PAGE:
“I was introduced to director Satyen Bose and actor Sudhir Kumar at Rajshri Production office. Satyen Bose took us to Shri Sound Studio at Dadar where our makeup was done for the screen test. Both of us were tested on camera with dialogues for both the roles (of the blind and the crippled). The next day we were shown the Bangla movie Lalu Bhulu at Bombay Lab. Eventually I was selected for the role of crippled and Sudhir Kumar for blind. We signed a 3-year contract with the company for Rs.300/- per month salary.”
Released in the year 1964, Dosti was a big hit. Actor Sanjay Khan also debuted with this film. This was the debut movie of Pune-based Marathi actress Uma Rajoo as well. Apart from Best Movie Filmfare Award for the year 1964, Dost also won the Filmfare for best music, story, dialogues, playback and the lyrics. I was given the Maharashtra State’s Best Actor Award for the same film. I was studying in 12th standard at Jai Hind College at the time after passing my 11th standard from the municipal school. Tarachand Barjatya had started planning for his next production with Sudhir Kumar and me in the main lead again and we received our salary Rs.300/- every month which used to be a handsome amount at that time.
Meanwhile, Sudhir was offered a role by the A. V. M. Company of Madras in the movie Laadla (1966) for which he got the contract with Rajshri Productions cancelled. He even paid the compensation as per the terms of the contract to the Rajshri Productions. I was in Moscow at that time for promotion of Dosti, which was to be shown in the International Children Film Festival 1965 being held there. Sudhir Kumar’s action compelled the Rajshri Productions to abandon the idea of abandon the idea of making another film with both of us actors and the company had to cancel the contract with me as well. But Tarachand Ji promised me that he would call me soon.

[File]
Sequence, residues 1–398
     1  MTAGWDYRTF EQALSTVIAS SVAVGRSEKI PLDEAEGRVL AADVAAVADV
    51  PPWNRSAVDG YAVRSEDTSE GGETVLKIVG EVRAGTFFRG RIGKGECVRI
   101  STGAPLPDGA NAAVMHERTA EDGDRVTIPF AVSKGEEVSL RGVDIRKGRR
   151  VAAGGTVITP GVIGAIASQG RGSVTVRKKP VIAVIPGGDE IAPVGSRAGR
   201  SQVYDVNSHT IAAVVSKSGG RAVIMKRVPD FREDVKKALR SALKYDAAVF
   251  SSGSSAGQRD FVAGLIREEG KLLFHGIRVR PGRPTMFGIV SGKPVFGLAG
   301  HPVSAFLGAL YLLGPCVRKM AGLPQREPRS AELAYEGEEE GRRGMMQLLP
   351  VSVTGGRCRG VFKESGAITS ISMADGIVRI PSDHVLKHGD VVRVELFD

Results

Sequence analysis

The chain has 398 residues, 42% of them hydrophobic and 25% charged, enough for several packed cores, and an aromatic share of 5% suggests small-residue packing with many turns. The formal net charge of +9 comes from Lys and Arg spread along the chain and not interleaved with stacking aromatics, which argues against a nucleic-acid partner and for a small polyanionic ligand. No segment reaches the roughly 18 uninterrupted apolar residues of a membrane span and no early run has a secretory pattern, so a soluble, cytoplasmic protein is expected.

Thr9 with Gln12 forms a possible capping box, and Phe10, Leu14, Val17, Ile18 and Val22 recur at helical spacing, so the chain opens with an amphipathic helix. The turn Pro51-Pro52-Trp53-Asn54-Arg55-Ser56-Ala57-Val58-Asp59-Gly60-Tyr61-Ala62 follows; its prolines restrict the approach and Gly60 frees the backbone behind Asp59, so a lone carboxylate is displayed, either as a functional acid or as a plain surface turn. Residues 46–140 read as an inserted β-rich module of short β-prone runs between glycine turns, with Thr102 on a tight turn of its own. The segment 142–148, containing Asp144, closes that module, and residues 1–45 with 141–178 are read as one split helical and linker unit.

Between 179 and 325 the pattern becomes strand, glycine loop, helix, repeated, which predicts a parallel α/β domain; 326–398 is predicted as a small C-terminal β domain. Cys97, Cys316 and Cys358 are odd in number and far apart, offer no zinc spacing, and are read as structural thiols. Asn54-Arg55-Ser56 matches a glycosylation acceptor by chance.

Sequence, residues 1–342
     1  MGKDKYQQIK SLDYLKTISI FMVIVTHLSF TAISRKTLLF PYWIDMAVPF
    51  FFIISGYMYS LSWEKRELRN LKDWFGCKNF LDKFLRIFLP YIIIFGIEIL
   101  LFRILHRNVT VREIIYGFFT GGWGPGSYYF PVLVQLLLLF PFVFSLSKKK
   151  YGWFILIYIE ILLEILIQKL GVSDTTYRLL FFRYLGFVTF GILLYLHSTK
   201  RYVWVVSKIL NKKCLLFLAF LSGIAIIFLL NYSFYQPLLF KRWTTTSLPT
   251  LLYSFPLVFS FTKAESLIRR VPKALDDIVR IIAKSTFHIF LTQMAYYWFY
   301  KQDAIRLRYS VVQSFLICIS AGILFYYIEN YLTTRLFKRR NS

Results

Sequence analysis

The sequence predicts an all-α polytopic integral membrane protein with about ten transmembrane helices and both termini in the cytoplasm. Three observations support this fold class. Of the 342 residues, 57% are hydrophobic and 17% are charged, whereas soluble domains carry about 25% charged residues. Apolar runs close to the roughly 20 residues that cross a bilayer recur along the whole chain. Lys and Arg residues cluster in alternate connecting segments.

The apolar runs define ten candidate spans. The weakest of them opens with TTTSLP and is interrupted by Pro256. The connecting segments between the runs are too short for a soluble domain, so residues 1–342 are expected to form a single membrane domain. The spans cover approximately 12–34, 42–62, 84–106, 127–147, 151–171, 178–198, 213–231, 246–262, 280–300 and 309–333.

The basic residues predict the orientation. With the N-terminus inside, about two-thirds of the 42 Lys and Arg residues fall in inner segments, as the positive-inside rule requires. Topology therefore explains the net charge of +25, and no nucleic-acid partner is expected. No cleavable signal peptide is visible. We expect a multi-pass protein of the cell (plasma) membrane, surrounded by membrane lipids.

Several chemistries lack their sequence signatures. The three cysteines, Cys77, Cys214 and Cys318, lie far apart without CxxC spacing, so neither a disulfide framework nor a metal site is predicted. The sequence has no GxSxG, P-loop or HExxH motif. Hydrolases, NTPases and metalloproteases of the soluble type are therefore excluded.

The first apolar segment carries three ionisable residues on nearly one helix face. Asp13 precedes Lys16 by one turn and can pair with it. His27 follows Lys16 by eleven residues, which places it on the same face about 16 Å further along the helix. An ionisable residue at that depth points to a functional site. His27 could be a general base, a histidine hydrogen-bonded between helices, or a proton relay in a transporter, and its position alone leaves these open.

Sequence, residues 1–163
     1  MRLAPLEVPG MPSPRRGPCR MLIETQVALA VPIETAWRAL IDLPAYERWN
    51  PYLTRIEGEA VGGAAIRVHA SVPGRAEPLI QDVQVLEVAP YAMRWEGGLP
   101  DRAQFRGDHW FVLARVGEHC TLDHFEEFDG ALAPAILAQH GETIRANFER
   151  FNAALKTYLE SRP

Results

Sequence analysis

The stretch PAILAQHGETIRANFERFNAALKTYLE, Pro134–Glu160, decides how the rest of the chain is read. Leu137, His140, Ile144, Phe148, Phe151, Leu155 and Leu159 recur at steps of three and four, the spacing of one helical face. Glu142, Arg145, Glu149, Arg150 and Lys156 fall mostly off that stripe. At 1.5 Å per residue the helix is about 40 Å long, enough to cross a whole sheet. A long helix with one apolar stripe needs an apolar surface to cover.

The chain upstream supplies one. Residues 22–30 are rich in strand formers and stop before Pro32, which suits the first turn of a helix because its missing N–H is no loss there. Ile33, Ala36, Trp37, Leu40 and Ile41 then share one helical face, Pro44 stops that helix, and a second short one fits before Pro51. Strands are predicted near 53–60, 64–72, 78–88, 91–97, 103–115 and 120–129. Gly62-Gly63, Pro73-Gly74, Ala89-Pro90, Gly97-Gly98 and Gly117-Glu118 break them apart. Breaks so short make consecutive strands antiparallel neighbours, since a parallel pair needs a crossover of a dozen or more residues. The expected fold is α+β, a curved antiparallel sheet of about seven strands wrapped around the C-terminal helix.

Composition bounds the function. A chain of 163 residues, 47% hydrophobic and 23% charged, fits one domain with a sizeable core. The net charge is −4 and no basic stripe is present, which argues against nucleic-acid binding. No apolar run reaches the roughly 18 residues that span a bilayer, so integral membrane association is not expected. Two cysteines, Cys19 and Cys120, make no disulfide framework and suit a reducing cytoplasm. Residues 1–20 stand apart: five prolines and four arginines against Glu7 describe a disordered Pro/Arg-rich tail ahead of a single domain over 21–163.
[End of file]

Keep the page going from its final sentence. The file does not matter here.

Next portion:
On the other hand, producer-director Devi Sharma and producer R. Laxman called me for their films Gunahon Ka Devta (1967) and Anokhi Raat (1968) respectively. But despite calling me again and again they failed to reach any decision. Due to such insecurities, I started feeling dejected from the films. I focused on my studies. Meanwhile, as per his promise, Tarachand Badjatya Ji called me for an important role in the movie Taqdeer which released in the year 1968 and proved to be a hit. But I had already decided to bid adieu to the film world.
I passed B. A. from Jai Hind College. Sometime later I got the job of a flight purser in Air India. Though I was seen as a flight purser in a scene which was shot inside an aeroplane in Dev Anand’s 1973 movie Heera Panna I still never looked back at films.
I served for Air India from the year 1971 to 2003 and then took retirement. During my service, I saw the whole world. I married my childhood friend Koshi Kotwani who was my neighbor in Mahin and was from a well to do family. Kotwanis had a family business of dry fruits and an ice factory in Mumbai’s Masjid Bandar area. Our only child, a daughter Kiran lives in Florida in U. S. Her husband Ravi Nagpal is a software engineer. I and my wife live in Mumbai though we often visit our daughter as well. My younger brother, sister, my cousins and their families are all in Mumbai and the majority of them stay nearby around Chembur itself.
As far as my character in Dosti is concerned, it has a lot of resemblance with my real life. Like Ramnath in the movie, I also faced lots of hardships, acute poverty and sorrows in real life since my childhood. As such I identify very closely with a song of the movie wich goes something like this – Sukh hai Chhaaon dhalti, aati hai jaati hai, dukh to apna saathi hai.
Sudhir Kumar and I had become close pals during the shoot of Dosti. He was around two and a half years younger to me and his full name was Sudhir Kumar Sawant. He was Maharashrian and lived in Lalbaag, Parel. We were family friends who often visited each other’s homes. In 1994, I was informed in London about the death of Sudhir, which came as shock to me. His father had died long back. On reaching Mumbai, I met Sudhir’s mother, wife and daughter. His mother informed that during the 1993 riots in Mumbai, Sudhir suffered an injury to his throat due to a chicken bone being lodged to his throat while eating food. He couldn’t be given immediate treatment as the area was under curfew.